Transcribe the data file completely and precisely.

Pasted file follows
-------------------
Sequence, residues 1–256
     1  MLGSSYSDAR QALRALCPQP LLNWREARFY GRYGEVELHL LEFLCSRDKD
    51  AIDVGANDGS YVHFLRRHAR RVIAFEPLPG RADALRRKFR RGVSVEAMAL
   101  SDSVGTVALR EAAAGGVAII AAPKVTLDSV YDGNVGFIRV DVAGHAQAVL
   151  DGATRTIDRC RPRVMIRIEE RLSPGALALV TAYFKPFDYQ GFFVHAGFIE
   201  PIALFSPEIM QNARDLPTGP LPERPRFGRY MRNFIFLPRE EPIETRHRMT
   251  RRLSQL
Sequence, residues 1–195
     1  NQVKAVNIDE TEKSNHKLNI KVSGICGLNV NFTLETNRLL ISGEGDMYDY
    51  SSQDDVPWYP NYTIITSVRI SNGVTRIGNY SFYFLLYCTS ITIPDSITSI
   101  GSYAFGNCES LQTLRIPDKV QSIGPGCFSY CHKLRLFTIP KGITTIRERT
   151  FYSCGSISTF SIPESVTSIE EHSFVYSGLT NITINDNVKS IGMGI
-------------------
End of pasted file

Sequence, residues 1–256
     1  MLGSSYSDAR QALRALCPQP LLNWREARFY GRYGEVELHL LEFLCSRDKD
    51  AIDVGANDGS YVHFLRRHAR RVIAFEPLPG RADALRRKFR RGVSVEAMAL
   101  SDSVGTVALR EAAAGGVAII AAPKVTLDSV YDGNVGFIRV DVAGHAQAVL
   151  DGATRTIDRC RPRVMIRIEE RLSPGALALV TAYFKPFDYQ GFFVHAGFIE
   201  PIALFSPEIM QNARDLPTGP LPERPRFGRY MRNFIFLPRE EPIETRHRMT
   251  RRLSQL
Sequence, residues 1–195
     1  NQVKAVNIDE TEKSNHKLNI KVSGICGLNV NFTLETNRLL ISGEGDMYDY
    51  SSQDDVPWYP NYTIITSVRI SNGVTRIGNY SFYFLLYCTS ITIPDSITSI
   101  GSYAFGNCES LQTLRIPDKV QSIGPGCFSY CHKLRLFTIP KGITTIRERT
   151  FYSCGSISTF SIPESVTSIE EHSFVYSGLT NITINDNVKS IGMGI